And finding ROLLY ADRIANO also guilty beyond reasonable doubt of Homicide, as charged, for the death of Ofelia Bulanan, likewise, there being no aggravating or mitigating circumstance that attended the commission of the offense, he is further sentenced to suffer an indeterminate penalty of imprisonment from Eight (8) years and One (1) day of prision mayor medium, as minimum, to Seventeen (17) years and Four (4) months of reclusion temporal medium, as maximum, and to indemnify the heirs of Ofelia Bulanan in the amount of Php 50,000.00.16

On appeal to the Court of Appeals, Adriano alleged that the R TC erred when it failed to appreciate his defense of alibi, as well as the testimonies of the other defense's witnesses. Adriano contended that the RTC erred when it gave credence to the testimony of the prosecution witnesses which are inconsistent and contradictory. In detail, Adriano referred to the following particulars: 1) whether the culprits started shooting when the victim's vehicle was still in motion; 2) which side of the vehicle did the shooters alight from; 3) the identity of the culprit who triggered the fatal shot; 4) whether the trip of PO1 Garabiles and P02 Santos going to Camp Olivas, Pampanga was official business; 5) the precise distance of the assailants' vehicle from that of the two (2) eyewitnesses; and 6) the precise minutes of the shooting incident.

The Court of Appeals rejected Adriano's attempt to becloud the testimony of the prosecution witnesses. According to the Court of Appeals, the prosecution witnesses' positive identification of Adriano as one of the perpetrators of the crime cannot be overcome by minor inconsistencies in their testimony. The Court of Appeals ruled that these trivial differences in fact constitute signs of veracity.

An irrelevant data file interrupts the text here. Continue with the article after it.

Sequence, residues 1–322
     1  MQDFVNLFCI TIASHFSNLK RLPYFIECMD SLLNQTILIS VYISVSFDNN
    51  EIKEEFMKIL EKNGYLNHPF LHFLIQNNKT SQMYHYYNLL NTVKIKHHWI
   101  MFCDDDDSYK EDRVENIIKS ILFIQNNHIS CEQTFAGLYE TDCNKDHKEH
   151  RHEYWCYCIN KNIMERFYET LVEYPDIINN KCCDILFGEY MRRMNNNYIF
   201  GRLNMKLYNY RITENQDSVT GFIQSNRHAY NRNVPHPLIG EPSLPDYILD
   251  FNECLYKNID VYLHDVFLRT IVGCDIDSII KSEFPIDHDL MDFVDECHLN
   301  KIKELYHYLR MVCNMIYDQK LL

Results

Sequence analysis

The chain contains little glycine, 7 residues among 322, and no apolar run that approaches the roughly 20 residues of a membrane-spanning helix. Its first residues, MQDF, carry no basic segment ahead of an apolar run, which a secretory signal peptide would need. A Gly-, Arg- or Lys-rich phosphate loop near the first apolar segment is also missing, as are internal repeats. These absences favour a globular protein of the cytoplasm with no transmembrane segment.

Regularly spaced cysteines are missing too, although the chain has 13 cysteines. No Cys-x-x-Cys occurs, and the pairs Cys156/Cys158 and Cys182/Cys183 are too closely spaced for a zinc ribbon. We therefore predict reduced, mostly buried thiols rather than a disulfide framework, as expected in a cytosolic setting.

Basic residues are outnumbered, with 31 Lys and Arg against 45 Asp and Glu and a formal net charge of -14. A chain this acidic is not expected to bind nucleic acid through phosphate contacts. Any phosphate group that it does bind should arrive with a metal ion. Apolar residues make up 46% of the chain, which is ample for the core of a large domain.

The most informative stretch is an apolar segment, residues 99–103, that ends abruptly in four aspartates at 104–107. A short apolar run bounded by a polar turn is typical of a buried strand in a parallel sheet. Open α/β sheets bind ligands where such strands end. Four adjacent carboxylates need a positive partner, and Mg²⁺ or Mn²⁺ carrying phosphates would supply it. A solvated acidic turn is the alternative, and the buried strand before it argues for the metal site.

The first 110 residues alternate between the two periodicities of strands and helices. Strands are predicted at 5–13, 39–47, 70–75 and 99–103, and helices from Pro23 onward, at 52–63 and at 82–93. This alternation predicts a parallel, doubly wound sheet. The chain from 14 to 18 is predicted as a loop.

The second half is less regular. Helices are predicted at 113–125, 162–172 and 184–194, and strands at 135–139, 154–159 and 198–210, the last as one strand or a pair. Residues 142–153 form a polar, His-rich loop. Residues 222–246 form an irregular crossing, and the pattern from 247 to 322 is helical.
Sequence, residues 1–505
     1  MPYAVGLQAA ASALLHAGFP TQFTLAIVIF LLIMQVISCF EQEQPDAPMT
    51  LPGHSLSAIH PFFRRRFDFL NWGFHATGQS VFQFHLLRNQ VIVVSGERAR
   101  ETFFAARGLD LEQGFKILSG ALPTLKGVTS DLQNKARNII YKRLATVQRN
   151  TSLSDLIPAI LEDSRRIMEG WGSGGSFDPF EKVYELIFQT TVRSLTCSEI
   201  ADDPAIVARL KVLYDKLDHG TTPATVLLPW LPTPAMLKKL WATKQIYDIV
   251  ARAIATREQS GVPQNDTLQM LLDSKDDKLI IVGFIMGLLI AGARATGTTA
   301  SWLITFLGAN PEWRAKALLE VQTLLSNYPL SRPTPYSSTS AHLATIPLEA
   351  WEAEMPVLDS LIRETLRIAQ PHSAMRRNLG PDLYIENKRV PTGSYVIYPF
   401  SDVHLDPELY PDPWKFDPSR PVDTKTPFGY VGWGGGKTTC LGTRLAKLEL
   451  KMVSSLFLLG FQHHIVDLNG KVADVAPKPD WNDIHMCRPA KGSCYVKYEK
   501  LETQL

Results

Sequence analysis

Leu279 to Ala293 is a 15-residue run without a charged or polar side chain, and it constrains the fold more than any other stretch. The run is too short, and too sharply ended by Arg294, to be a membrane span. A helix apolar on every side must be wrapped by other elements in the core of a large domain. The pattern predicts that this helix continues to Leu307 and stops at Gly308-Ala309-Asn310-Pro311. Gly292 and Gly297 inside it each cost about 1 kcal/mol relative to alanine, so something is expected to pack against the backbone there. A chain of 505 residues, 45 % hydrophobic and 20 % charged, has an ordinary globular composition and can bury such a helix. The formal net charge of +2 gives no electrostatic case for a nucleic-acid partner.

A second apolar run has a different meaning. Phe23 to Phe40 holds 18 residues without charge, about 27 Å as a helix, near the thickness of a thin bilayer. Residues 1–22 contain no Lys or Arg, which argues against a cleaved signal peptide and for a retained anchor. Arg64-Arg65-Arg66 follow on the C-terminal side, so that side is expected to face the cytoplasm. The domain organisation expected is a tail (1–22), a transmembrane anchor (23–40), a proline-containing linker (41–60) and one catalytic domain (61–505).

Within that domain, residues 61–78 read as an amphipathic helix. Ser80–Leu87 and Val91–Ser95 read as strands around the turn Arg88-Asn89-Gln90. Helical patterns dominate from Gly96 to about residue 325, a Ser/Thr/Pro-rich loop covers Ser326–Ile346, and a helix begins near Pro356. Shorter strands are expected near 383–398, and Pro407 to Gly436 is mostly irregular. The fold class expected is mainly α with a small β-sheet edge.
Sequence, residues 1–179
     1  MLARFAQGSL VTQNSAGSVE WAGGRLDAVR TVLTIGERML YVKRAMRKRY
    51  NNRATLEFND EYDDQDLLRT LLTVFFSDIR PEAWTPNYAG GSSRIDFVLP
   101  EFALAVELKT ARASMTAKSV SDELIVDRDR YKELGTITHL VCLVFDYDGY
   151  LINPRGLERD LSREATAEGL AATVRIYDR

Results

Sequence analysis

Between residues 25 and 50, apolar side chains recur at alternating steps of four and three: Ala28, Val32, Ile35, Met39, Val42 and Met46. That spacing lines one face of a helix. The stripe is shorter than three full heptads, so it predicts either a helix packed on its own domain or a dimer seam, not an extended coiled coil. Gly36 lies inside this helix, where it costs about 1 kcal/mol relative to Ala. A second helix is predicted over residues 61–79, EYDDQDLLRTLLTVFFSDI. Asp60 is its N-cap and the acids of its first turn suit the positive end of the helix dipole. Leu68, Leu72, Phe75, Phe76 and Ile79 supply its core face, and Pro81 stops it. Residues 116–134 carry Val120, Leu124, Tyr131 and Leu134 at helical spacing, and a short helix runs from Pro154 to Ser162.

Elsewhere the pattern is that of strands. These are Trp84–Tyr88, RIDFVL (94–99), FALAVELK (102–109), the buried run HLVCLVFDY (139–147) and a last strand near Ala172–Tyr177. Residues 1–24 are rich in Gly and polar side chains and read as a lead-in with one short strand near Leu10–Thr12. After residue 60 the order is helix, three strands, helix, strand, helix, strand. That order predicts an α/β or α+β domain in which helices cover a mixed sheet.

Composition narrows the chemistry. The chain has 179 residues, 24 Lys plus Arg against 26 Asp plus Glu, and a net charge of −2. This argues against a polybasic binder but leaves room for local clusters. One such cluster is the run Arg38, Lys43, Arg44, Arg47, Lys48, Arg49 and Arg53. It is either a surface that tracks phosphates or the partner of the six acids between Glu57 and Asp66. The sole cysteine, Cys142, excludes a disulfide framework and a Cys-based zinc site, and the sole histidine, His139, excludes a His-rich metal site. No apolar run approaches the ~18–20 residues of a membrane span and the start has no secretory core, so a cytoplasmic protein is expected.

On the defense of alibi, the Court of Appeals affirmed the ruling of the R TC that Adriano's claim that he was in Dolores, Magalang, Pampanga at the time of the incident does not convince because it was not impossible for Adriano to be physically present at the crime scene, in Barangay Malapit, San Isidro, Nueva Ecija, which can be reached by car in less than an hour.17 The dispositive portion of the Court of Appeals Decision reads:

WHEREFORE, the appeal is DENIED. The decision of the Regional Trial Court of Gapan City, Nueva Ecija, Br. 36, in Crim. Case Nos. 13159-07 and 13160-07 is AFFIRMED subject to the Modification that the award of Fifty Thousand Pesos (Php50,000.00) as civil indemnity to the heirs of Danilo Cabiedes is INCREASED to Seventy-Five Thousand Pesos (Php75,000.00). In addition, the Accused-Appellant is ORDERED to pay the heirs of Danilo Cabiedes the amount of Seventy-Five Thousand Pesos (Php75,000.00) as moral damages; and the heirs of Ofelia Bulanan the amount of Fifty Thousand Pesos (Php50,000.00) as moral damages.

SO ORDERED.18

Our Ruling

In cases of murder, the prosecution must establish the presence of the following elements:

1. That a person was killed.

2. That the accused killed him.

3. That the killing was attended by any of the qualifying circumstances mentioned in Art. 248.

4. The killing is not parricide or infanticide.

In the case at bar, the prosecution has established the concurrence of the elements of murder: (1) the fact of death of Cabiedes and Bulanan; (2) the positive identification of Adriano as one of perpetrators of the crime; and (3) the attendance of treachery as a qualifying aggravating circumstance and use of firearms and abuse of superior strength as generic aggravating circumstances.

Death of Cabiedes

The present case is a case of murder by ambush. In ambush, the crime is carried out to ensure that the victim is killed and at the same time, to eliminate any risk from any possible defenses or retaliation from the victimó19 ambush exemplifies the nature of treachery.